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If you want to increase your chance of successfully attracting a swarm, you can add an attractant to your bait hive. Lemongrass is very similar to the queen bee’s scent. Honeybees find the mixture of lemongrass and beeswax irresistible. Yield: 3 ounces Ingredients 2 tablespoons beeswax 1/4 cup olive oil 40 drops (2 milliliters) lemongrass […]Read more »
Catching a Swarm Sponsored By: Brushy Mountain Bee Farm Shane Gebauer, president of Brushy Mountain Bee Farm, demonstrates how to capture a bee swarm with the Hipps Swarm Retriever and install it in a super. Knowing how to catch a swarm is important both for capturing new swarms you want to add to your beekeeping […]Read more »
Catching a swarm is a total blast. There’s nothing quite like the feeling of getting some wild bees for free. You just gotta get a little courageous and suit up to your comfort level and go get ‘em. Here’s a neat little tip that might just get you a few extra bees this spring using some items that you may have in your garage.Read more »
April in north Georgia means swarming season. I tried for about three years before I finally caught my first swarm last year. I put one of my nuc boxes up in a Bradford pear tree about 7 feet off the ground and put some lemongrass oil on it in mid-March. I caught a swarm in it about a month later. But I failed many times before.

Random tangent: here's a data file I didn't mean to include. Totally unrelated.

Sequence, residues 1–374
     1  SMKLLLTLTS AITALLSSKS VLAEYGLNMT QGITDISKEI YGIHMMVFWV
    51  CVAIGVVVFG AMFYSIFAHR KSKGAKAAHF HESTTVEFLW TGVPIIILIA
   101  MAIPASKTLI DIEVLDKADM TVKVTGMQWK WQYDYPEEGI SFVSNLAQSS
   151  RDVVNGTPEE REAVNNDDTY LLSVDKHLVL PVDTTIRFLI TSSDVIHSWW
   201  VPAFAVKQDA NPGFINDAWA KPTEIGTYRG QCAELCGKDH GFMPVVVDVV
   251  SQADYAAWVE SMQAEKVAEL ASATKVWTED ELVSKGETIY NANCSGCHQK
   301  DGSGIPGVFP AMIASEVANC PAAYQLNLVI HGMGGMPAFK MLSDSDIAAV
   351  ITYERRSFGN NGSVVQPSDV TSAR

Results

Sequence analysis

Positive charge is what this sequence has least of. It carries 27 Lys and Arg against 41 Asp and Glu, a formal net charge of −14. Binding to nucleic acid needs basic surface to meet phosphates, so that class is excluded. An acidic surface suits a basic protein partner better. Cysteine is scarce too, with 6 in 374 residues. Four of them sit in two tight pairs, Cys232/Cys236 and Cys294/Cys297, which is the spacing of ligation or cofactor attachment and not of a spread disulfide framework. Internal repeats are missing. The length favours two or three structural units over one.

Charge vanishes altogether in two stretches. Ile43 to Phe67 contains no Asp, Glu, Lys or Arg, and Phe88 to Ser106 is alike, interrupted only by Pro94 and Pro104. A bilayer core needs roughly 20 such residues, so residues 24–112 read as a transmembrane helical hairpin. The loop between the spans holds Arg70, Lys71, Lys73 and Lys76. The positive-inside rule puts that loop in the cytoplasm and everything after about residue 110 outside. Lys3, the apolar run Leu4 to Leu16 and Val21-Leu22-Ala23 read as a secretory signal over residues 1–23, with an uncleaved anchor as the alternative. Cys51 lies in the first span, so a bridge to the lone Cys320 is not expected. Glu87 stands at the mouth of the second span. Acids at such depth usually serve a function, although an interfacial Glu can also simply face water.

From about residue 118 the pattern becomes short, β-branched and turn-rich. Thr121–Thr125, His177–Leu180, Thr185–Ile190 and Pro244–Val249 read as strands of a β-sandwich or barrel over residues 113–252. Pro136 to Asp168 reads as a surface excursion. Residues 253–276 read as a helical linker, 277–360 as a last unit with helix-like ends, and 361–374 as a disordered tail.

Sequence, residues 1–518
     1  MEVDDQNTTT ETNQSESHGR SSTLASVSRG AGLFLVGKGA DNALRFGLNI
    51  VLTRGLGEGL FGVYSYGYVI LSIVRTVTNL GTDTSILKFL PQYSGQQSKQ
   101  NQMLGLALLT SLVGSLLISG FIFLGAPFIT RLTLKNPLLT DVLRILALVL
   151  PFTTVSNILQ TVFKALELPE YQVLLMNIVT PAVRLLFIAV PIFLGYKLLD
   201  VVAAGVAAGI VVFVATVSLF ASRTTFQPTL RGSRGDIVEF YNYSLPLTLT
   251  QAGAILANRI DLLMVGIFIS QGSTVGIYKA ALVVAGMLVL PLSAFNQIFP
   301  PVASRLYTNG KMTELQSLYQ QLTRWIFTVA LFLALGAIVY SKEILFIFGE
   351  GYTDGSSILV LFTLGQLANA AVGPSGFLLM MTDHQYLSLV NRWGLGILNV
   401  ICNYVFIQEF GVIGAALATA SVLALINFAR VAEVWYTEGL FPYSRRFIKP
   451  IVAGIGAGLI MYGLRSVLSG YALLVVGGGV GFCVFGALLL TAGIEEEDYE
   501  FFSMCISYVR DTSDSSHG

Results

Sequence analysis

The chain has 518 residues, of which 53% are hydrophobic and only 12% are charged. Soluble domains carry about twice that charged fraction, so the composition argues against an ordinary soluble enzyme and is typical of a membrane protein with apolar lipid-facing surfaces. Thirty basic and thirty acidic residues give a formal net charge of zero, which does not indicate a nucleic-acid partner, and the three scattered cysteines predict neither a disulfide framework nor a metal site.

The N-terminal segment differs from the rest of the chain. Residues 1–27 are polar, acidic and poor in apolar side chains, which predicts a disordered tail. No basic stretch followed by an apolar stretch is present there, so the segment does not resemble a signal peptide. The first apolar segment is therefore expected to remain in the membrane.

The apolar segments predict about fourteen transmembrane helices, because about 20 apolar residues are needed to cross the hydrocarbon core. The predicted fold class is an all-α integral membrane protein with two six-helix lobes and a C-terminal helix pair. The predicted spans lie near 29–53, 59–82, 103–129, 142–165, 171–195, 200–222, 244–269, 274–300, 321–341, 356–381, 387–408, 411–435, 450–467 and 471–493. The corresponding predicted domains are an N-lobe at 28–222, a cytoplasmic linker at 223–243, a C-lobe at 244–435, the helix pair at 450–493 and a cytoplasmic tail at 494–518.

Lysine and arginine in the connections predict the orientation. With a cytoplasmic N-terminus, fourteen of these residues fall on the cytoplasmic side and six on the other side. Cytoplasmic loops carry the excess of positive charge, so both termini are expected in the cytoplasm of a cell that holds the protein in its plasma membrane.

In this post, I wanted to pass along what has worked for me and what has not so far.
Although honeybees can swarm from the hive at anytime, they tend to swarm most during spring. Sometimes honeybees swarm when they believe they have outgrown their hive. However, other times there is nothing that you can do to prevent swarming from happening. The bees simply have an instinctual desire to create another colony. Here are some tips […]Read more »
Capturing swarms is a very exciting way to get more bees for your apiary and it’s much easier than you may have realized. The reason that it is generally easy is because when bees are swarming and have clustered themselves on a low branch in a tree or bush, they only have one thing on […]Read more »
Swarm Season Back when my wife and I first started keeping bees, everything was fine and dandy until swarm season came along. Since we were only keeping bees for two years, our experience with swarms was not much at all. During the first year of keeping bees, we only had two hives and never noticed if they had […]Read more »